The first major advancements in endocrinologic knowledge came from studies pertaining to the testis. Aristotle1 recognized that the absence of the testis is responsible for the changes observed in castrate animals and man. In 1849 Berthold2 concluded that the testis produces an internal secretion, since capons with an implanted testis have comb growth and other characteristics of the cock. Thereafter, the study of testicular function lagged behind that of other ductless glands until, as a result of intensive study3 during the last decade, the status of androgenic substances shifted abruptly from that of relatively unknown materials to that of highly active crystalline compounds that can be prepared synthetically and are available for therapeutic use.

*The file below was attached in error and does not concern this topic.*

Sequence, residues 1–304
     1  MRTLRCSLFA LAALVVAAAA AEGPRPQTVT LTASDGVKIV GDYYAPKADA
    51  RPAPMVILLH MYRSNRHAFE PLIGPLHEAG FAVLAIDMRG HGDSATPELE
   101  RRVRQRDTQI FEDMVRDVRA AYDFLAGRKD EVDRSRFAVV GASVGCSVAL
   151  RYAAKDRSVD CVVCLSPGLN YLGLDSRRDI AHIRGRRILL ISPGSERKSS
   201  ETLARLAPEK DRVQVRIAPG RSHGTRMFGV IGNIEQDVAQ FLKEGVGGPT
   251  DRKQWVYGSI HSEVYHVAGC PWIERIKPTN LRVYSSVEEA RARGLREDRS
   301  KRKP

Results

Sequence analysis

The androgens of chief interest in therapeusis are testosterone, a substance isolated from testis tissue (of the bull4), and androsterone and dehydroisoandrosterone, which are excreted in human urine.5 Clinically, testosterone is